Floyd and Johnson counties to receive federal flood control money

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WASHINGTON, DC (WTVQ) – Floyd and Johnson counties will receive nearly $200 million in federal money for flood control projects, according to Congressman Hal Rogers.

The federal funding will complete long-term disaster recovery projects, including the Town of Martin Redevelopment Plan and provide flood protection in Johnson County.

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The Town of Martin Redevelopment Plan, a flood control project orchestrated by the U.S. Army Corps of Engineers (USACE) in Floyd County, was designed in 2004 to move city residents, businesses and government buildings out of the rural town’s dangerous flood plain.

To complete the project, the USACE will utilize $80 million from the federal Storm Supplemental Appropriations for Disasters 2018 Package, which was part of the 2018 Bipartisan Budget Act, supported by Congressman Hal Rogers.

“We started this unique project 14 years ago to relieve local families and businesses from the constant fear of flooding. It has been a massive undertaking, met with criticism for long delays and unexpected challenges; however, this is good news for the people of Martin. This community has suffered ten major floods in its history, but completion of this critical flood control program is finally in sight,” said Rogers, who has secured nearly $75 million in federal funds for the project since it began in 2004.

“Our region has suffered deadly and damaging flash flooding for decades as a result of our mountainous terrain across southern and eastern Kentucky. This mitigation project not only protects the Town of Martin from future flooding, but also provides a beautiful and safe new location for the Floyd County Renaissance Learning Center, Martin City Hall, Police Station, Volunteer Fire Department and a residential area. I applaud the Corps for prioritizing completion of the Town of Martin Redevelopment Plan.”

According to the USACE, the federal funding will allow them to finalize real estate acquisitions and demolitions, relocation of KY-1428, remove the Water Street bridge, and also complete phase two and three of site construction. The projected completion date is fiscal year 2025.

“In providing the current working estimates of funds required to fully fund these studies and construction projects, the Corps is showing its commitment to “moving dirt” and, more importantly, to completing studies and construction,” said Mr. R.D. James, Assistant Secretary of the Army for Civil Works.

The USACE will also utilize $118 million from the supplemental funding for a major flood control project in Johnson County. The funding will allow the USACE to complete a detailed project report and implement a flood control plan, which could include a flood wall or levee, floodproofing, flood-safe redevelopment, and relocation of structures or public facilities.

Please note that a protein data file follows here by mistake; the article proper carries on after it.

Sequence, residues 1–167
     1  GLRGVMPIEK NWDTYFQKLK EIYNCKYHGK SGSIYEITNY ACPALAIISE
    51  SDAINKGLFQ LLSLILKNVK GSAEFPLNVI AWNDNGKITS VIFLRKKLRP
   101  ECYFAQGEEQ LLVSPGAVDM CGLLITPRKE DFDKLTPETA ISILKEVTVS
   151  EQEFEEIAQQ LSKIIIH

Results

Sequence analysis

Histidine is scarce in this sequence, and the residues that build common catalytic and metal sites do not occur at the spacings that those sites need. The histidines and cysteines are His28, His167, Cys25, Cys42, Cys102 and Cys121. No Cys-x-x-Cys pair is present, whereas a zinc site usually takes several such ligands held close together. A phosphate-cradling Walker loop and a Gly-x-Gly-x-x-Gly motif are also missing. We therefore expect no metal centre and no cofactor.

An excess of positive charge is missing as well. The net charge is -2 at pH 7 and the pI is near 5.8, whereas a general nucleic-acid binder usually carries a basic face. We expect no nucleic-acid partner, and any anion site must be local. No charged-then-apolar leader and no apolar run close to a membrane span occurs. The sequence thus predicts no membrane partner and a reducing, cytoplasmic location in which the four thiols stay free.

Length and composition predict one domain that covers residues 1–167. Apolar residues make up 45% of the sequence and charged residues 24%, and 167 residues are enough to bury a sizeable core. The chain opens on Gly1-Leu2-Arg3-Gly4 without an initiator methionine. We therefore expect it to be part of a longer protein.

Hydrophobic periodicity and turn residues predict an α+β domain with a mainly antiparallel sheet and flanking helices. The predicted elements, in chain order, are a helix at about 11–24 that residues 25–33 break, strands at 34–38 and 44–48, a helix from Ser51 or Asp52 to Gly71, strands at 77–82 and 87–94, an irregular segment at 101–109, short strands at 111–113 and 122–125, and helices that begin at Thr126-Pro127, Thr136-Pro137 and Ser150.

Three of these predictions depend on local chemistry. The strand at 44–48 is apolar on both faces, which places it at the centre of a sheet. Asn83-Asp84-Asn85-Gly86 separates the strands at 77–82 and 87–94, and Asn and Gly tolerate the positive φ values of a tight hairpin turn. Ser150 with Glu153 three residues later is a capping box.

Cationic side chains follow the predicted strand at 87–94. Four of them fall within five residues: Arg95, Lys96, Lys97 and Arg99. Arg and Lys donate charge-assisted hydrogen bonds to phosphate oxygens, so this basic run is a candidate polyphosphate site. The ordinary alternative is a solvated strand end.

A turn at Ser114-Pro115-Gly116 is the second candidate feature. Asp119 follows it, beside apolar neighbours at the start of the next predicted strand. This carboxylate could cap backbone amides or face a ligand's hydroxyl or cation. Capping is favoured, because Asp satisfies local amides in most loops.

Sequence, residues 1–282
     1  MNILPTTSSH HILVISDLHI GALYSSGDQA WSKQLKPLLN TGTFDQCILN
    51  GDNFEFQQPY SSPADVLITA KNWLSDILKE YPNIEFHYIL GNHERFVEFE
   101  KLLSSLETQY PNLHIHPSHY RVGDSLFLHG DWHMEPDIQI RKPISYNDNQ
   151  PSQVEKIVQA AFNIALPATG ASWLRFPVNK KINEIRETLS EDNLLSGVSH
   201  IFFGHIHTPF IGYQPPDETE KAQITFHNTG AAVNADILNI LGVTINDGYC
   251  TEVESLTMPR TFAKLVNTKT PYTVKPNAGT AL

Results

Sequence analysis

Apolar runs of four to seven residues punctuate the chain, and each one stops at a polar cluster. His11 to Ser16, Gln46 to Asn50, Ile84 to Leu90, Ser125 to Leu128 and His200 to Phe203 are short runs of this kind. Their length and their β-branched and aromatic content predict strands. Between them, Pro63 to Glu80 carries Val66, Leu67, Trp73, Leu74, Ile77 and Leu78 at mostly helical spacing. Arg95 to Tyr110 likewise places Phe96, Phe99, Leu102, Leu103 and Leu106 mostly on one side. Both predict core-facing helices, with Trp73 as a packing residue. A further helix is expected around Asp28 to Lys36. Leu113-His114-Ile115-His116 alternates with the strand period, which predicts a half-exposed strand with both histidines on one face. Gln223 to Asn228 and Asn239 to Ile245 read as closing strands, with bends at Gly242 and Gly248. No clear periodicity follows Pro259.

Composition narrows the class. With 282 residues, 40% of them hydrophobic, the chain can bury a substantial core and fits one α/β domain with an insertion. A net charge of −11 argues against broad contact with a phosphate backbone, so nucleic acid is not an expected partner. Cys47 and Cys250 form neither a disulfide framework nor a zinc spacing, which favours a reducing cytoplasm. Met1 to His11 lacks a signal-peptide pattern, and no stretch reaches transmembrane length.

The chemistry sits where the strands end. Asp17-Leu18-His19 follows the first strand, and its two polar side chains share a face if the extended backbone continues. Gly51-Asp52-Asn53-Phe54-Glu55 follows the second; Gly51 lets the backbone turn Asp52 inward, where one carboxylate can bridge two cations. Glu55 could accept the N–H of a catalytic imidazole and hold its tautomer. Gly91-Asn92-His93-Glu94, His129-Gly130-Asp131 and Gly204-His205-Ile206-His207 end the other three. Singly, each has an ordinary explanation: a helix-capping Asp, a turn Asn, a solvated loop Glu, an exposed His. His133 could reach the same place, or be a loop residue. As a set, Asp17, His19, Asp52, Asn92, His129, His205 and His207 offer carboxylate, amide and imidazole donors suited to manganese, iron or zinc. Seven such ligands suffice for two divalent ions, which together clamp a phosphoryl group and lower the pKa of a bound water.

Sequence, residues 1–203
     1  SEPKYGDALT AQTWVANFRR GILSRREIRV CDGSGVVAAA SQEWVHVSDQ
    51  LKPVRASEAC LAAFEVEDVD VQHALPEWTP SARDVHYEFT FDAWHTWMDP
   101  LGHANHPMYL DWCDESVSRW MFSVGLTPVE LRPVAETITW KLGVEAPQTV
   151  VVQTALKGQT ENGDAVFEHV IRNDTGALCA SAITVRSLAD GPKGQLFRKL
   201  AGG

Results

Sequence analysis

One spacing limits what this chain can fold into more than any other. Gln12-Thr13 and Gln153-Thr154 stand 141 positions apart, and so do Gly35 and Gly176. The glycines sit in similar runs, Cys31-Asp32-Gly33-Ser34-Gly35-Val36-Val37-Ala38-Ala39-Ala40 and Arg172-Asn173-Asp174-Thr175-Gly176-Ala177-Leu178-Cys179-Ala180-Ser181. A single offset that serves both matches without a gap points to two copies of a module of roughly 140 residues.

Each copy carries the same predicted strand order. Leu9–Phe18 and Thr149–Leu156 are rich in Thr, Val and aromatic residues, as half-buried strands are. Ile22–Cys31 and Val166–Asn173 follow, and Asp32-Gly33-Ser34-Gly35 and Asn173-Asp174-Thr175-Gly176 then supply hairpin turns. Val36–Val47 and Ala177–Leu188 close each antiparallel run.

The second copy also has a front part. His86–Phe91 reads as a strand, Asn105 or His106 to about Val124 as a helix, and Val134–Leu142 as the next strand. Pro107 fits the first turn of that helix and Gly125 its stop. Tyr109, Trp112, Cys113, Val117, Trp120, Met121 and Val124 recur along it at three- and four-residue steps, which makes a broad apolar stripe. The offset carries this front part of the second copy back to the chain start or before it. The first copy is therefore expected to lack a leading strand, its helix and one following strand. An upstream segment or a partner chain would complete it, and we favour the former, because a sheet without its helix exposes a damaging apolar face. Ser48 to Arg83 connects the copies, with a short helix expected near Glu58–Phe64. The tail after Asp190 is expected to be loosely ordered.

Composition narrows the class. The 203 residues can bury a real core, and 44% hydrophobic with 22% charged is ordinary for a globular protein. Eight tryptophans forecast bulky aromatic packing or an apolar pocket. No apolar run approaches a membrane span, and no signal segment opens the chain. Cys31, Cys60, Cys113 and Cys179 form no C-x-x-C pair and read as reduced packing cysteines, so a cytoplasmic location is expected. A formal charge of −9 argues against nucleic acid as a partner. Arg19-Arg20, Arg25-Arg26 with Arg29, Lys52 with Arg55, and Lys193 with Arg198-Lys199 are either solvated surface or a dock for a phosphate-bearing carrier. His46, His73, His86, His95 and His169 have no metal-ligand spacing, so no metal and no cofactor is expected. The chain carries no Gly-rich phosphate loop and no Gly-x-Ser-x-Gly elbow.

“The people of Johnson County have long-awaiting assistance for flood protection,” said Rogers. “This project will not only make Johnson County a safer place to live, but also has the potential to lower flood insurance rates and improve business opportunities in the City of Paintsville.”

The projected duration of the Johnson County flood control plan is to be determined.

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Tom Kenny joined ABC 36 News in June of 2001 as a General Assignment Reporter. A native of Peoria, Illinois, he graduated cum laude with a Bachelor of Arts in Mass Communications from Western Illinois University. He currently anchors ABC 36 News at 5pm, 6pm and 11pm. Tom has more than three decades of experience in broadcast journalism. He is the only broadcast journalist in Lexington television history to be honored with a national Edward R. Murrow Award. Tom was recognized for reporting on a story that gave a rare glimpse inside the secretive world of the Federal Witness Protection Program. He has won an Emmy Award for anchoring and another for investigative reporting, exposing the deceit and potential danger of online diploma mills. Tom has ten other Emmy nominations to his credit for investigative and feature reporting. He has won Associated Press Awards for reporting and anchoring. He has won two Addy Awards for excellence in promotional writing. Tom was the first broadcast journalist in Lexington TV history to be awarded the Silver Circle Award by the National Academy of Television Arts and Sciences. It is one of the highest honors given by NATAS. It recognizes television professionals who have performed distinguished service within the television industry for 25-years or more. Tom was honored for more than his longevity, he was recognized for making an enduring contribution to the vitality of the television industry and for setting high standards of achievement. He was also recognized for giving back to the community as a mentor, educator and volunteer. Tom also has network broadcast experience in radio and television having worked as a sports reporter for ESPN, Sportschannel, NBC Sports and the Breeders’ Cup. He was also the studio host and halftime producer for CBS Radio Sports’ College Football Game of the Week and covered the NFL for One-On-One Radio Sports. Prior to joining WTVQ-TV, Tom was Vice-President of the Houston Astros Minor League baseball team in Lexington. He was part of the original management team that brought professional baseball back to the Bluegrass after a nearly 50-year absence. Tom has lived in Lexington since 1984. In that time, he has been heavily involved with dozens of charity and civic groups, with a special emphasis on helping Veterans. He can be reached at tkenny@wtvq.com. You can also follow Tom on Facebook www.facebook.com/TomKennyABC and Twitter @TomKennyNews. Just click on the links at the top of the page.